Edwin Oswald Engert was born on April 13, 1896, making today his 126th birthday. Edwin did not have a normal childhood, which will be evident as I tell his story. His parents were August and Liberta (Palisch) Engert. That makes Edwin a grandchild and great grandchild of two very prolific patriarchs that were part of the Gesellschaft in 1839…August Engert and J.G. Palisch. Edwin was baptized at Immanuel Lutheran Church in Altenburg. Below is his baptism record from that congregation’s books in two images.
I do not know what Edwin was told when he was growing up, but even before Edwin shows up in his first census in 1900, his father had been institutionalized. His father’s story was told in the post, A Troubling Topic. August E. Engert spent the rest of his life in a mental hospital. I cannot even say if Edwin ever remembered seeing his father or not. Edwin had an older brother, Alfred, and a younger sister, Flora. We see this Engert household in the 1900 census. Edwin was 4 years old.
Then, another tragedy struck Edwin’s family. His mother, Liberta, died in 1906 at the age of 33. Edwin had not even reached his 10th birthday. This left the 3 Engert children with no parent to care for them. They were farmed out. The oldest boy, Alfred, went to live with his uncle, Arthur Palisch, and his wife, Magdalena (Grosse). Edwin and his sister, Flora went to live with their uncle, Oswald and Paulina (Petzoldt) Palisch. The 1900 census entry that included Edwin is displayed below. Edwin was 14 years old at the time.
In 1917, Edwin had a World War I draft registration completed. When he completed this form, he was working on the August Stark farm in West Point, Nebraska.
Edwin did serve in the military during that war. Below is a record that gives the dates that he served.
When the 1920 census was taken, we find Edwin back living in Perry County. He was a farm hand on the Herman Lichtenegger farm. The wife in this house, Alwine, was a Palisch.
Now, we will take a look at the woman who would become his bride. Her name was Amanda Rosina Schilling, who was born on November 10, 1902. Amanda was the daughter of Ferdinand and Anna (Kasten) Schilling. She was baptized at Trinity Lutheran Church in Altenburg. We can take a look at her baptism record.
Amanda is found in her first census in 1910. Amanda was 7 years old, and her father was a farmer.
Next, we find Amanda in the 1920 census as a teenager.
Edwin Engert married Amanda Schilling on November 20, 1922 at Trinity Lutheran Church in Altenburg. The church record is pictured here.
We can also view the marriage license for this couple. This document states that both Edwin and Amanda were from Wittenberg.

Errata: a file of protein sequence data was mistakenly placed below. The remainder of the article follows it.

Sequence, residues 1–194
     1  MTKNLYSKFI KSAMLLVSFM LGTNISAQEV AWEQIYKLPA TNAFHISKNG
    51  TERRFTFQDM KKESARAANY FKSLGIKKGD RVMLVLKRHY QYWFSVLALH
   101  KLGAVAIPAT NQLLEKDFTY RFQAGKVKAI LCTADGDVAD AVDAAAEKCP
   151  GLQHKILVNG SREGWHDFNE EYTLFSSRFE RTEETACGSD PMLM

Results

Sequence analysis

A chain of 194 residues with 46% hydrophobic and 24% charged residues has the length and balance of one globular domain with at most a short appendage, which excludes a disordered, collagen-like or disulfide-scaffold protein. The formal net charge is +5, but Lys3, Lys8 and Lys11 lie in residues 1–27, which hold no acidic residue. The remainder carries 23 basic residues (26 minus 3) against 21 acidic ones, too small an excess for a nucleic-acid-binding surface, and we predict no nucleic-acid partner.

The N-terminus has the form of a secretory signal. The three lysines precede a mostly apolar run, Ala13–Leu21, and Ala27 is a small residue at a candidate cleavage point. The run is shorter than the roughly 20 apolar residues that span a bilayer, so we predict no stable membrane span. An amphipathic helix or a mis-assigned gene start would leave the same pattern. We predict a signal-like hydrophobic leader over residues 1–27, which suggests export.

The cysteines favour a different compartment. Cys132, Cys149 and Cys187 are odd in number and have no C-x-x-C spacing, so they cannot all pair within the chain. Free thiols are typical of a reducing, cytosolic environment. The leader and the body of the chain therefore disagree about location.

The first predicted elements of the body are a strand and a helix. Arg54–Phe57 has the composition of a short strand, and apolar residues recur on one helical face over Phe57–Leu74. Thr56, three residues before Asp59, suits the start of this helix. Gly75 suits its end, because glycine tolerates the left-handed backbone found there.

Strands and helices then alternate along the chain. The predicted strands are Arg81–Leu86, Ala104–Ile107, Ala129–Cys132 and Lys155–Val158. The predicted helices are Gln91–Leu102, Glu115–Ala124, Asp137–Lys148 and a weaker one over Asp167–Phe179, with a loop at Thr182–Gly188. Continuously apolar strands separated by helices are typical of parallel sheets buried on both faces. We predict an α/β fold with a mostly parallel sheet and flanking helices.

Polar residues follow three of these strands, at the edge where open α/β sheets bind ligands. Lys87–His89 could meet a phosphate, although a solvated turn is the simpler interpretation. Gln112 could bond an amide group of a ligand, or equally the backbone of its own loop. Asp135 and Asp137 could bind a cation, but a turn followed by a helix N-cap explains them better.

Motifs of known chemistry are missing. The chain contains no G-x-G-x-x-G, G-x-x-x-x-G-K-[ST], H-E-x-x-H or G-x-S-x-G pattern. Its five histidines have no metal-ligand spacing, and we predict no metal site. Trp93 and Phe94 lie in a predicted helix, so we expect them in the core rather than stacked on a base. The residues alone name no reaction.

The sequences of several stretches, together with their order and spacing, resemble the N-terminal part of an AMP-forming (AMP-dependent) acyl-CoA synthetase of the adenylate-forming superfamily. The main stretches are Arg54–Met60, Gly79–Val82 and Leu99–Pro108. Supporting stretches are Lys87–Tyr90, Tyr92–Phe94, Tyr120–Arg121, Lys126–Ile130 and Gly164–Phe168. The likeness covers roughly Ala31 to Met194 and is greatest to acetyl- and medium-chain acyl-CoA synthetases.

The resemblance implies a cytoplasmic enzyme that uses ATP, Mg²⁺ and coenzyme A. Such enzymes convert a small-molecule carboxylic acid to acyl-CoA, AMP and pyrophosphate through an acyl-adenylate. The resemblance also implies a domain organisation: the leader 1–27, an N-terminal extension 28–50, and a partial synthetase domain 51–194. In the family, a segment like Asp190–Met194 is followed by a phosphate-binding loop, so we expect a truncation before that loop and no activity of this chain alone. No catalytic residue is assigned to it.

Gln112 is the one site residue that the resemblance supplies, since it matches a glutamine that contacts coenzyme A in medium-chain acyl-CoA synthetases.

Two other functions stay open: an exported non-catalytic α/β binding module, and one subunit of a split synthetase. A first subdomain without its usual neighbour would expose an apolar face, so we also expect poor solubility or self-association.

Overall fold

Our German Family Tree lists 3 children born to this pair. Two of them were born before the 1930 census was taken. Edwin was a farmer.
Another son, Norman, was born in 1932. In the 1940 census, we find all 3 children in the household. A lodger by the name of Harry Thurm was working on his farm.
The last census we can view is the one recently released to the public, the one taken in 1950. In that entry, we find the Engert family with just two children. The Engert farm was located in the bottoms just north of the village of Wittenberg.
I do not know when it happened, but toward the end of Edwin’s life, he became blind. Also, at some point in time, Edwin and Amanda moved into the town of Altenburg. Gerard Fiehler shared a few stories with me this morning about Edwin because he remembers him. Apparently, Edwin became quite skillful at walking with his familiar white cane through town. That leads me to talking about what I was really referring to in the title of this article.
There was actually an Edwin Engert post in town. I do not know who put it there, but right across the street from the Altenburg post office, there was once a post near the sidewalk. It was placed there so Edwin would know where to cross the street to check his mail. He would come down the sidewalk, and when his cane hit this post, he knew that he was directly across the street from his destination. That post is no longer there, but there is evidence where it was. Gerard took me to the place where this post was located, and I took a few photos so you could see it.
Edwin Engert died in 1974 at the age of 78; Amanda Engert died in 1995 at the age of 92. Both of them were buried in the Trinity Lutheran Cemetery in Altenburg.
Recently, our museum lost one of its docents, our dear Gladys Engert. Gladys was married to Edwin’s youngest son, Norman, so she would have called Edwin and Amanda her father-in-law and mother-in-law. Also, this past Sunday, five young people were confirmed at Trinity, Altenburg. One of those was an Engert who could call Edwin his great grandfather.
Sad to say, Edwin was not able to see his father when he was growing up. Later in his life, he was also not able to see his grandchildren.